A nod of the head and an acknowledging smile. The exchanging of pleasantries. “How are you and how about the weather?” Surfacy. Simple. Small talk.
Once I began my journey of figuring out who I am and what it means to be true to myself, I dreaded small talk. Instead, I craved deep, meaningful, connected conversation. I’d run into an acquaintance and think, Oh no, must we discuss the weather again? Booooring.
I especially avoided small talk when I was feeling down. Because, let’s face it, the road of self-discovery comes with twists and turns. There’s identifying limiting thoughts and habits and then breaking them. There’s a parting of the ways with relationships – some that you walk away from and others who walk away from you. It’s not always a straight and easy path. Sometimes you have to pull over for a bit. Refuel, if you will, before continuing on.
For many years, refueling for me, or self-care, equated to staying home where I could be with myself. I preferred to interact with those closest to me whom I could share this process with. The thought of being around those who didn’t know me well was nearly intolerable. I felt phony navigating through forced smiles and “I’m good, how are you?” while Snarky shouted in the background You’re not ‘good’ and you don’t feel like smiling, so why are you pretending?!
For years now, I’ve thought of quiet time spent in my safe sanctuary – a place to work through thoughts – to be the main definition of self-care. But, I’ve recently learned that there are times when quiet solace turns into a holding cell of unhelpful thought loops. This happens when I’ve become too engrossed with what’s going on with myself.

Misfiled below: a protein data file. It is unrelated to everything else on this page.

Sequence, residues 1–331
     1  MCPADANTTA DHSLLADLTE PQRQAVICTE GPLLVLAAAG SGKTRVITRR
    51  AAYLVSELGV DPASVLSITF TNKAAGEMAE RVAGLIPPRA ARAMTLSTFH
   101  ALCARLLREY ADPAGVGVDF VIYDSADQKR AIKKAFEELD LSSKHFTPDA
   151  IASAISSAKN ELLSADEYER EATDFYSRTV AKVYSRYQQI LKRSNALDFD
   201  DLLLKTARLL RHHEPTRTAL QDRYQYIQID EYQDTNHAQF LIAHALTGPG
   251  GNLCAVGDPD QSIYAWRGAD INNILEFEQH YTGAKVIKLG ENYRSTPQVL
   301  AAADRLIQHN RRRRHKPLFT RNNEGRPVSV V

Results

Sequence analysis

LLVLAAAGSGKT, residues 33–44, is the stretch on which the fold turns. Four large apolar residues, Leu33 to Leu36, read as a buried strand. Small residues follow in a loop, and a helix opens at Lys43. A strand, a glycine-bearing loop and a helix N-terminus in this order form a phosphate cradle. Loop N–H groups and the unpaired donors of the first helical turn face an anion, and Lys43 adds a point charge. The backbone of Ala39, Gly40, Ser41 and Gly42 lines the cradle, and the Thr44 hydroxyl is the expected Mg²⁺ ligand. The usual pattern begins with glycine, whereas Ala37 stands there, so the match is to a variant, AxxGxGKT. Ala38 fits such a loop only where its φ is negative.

Eventually, self-consuming thoughts become tiring, and all I really want to do is absolutely nothing (even if that’s not a feasible option). Being around those who know me best only perpetuates the problem – because I feel safe enough to express the inner workings of my life, I’ll want to do so. The thought loops repeat again and again.
I’ve found one counterintuitive action that frees me from this pattern: Getting out of the house and interacting with others, preferably acquaintances.
A familiar face greeted with a friendly smile. An authentic, friendly smile. The exchanging of pleasantries, which in and of itself is pleasant. That reliable old companion, the weather. Lighthearted conversation. Snippets into another person’s life. More surface conversations? Yes please. They force me to move my thoughts away from myself.
Sometimes, somehow, small talk and smiles can help breathe life right back into me. Which makes me think that small talk – that I once so dreaded – is actually a wonderful measuring stick for self-care.
Not sure of what to do for yourself? Might I suggest going out into public and making an effort to say hello to an acquaintance. If your reaction is to run and hide, it’s time to go home for some quiet, tender loving self-care. If, however, you’re disappointed that the hellos and how-do-you-dos are over, then you’ve been home long enough. It’s time to plug yourself back into the world.